Over the course of a career, firefighters are relentlessly exposed to a hellish mix of toxins. These exposures put firefighters at a substantially greater risk of getting cancer — a reality documented in more than 80 peer-reviewed medical studies. Law enforcement officers – regularly exposed to toxins and often without breathing apparatus – pay a similarly heavy price.
Sacrificing your life to slow-motion poisoning from job-related exposure isn’t as dramatic as dying in a fiery instant, but for firefighters and police officers, it is every bit as noble and heroic.
For their families, time is especially important. Every day spent fighting for life is also another day with the family … another day with the hope of a cure. While they fight, stricken officers have the comfort of knowing that, should they die, their survivors will enjoy a modest safeguard in the form of workers’ comp death benefits.
But, believe it or not, those safeguards come with an expiration date.
Because of a provision created in 1913, a firefighter or police officer stricken with job-related diseases must die within 240 weeks of his or her diagnosis in order for survivors to qualify for the death benefit. If a stricken officer lives one day longer than 240 weeks, their spouses and children lose out.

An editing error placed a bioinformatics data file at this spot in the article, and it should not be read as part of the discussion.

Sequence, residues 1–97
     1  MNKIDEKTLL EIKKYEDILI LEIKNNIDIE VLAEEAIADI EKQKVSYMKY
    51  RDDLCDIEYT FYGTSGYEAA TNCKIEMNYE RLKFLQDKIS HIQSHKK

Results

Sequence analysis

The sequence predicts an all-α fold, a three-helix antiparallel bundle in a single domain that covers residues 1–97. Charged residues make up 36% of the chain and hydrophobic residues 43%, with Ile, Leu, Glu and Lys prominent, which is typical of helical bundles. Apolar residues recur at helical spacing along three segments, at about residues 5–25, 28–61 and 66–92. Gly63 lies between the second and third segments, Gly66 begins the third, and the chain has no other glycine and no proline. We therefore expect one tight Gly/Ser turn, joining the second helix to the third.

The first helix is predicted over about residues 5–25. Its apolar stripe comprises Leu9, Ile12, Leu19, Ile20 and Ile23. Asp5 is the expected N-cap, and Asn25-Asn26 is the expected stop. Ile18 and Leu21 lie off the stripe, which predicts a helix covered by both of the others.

Closing this cruel loophole is at the heart of Assembly Bill 1373, Assembly Speaker John Perez’s measure that won overwhelming bipartisan approval in the Legislature last week. AB 1373 narrowly modifies this 100-year-old “death clock”, extending the cutoff to 480 weeks while ensuring that the benefit goes to immediate dependents.
Sadly, a lot of active firefighters and police officers who are diagnosed with job-caused illnesses don’t get to test that limit – they die before it hits. But in the relatively few cases where modern medicine extends life, this outdated limit imposes a heartbreaking penalty on the survivors.
Last year, in the midst of a heated ballot campaign and under intense lobbying by special interests like the League of California Cities, Governor Brown vetoed similar legislation, citing its potential cost. With those concerns addressed, AB 1373 is back on the governor’s desk.
The Senate and Assembly votes to approve AB 1373 were overwhelming and bipartisan. Supporters included the full spectrum – from “fiscal wonks” to “big spenders.” They understood that it’s not about unions, or firefighters, or police officers. It’s about families who shouldn’t be punished because their loved one didn’t die fast enough.
With more than half a decade of public safety downsizing under our belts, California first responders are no strangers to the tight budget times. But with or without the cost figures, basic humanity suggests that spouses and children shouldn’t be forced to pay a penalty for hoping that a loved one stays around a little longer.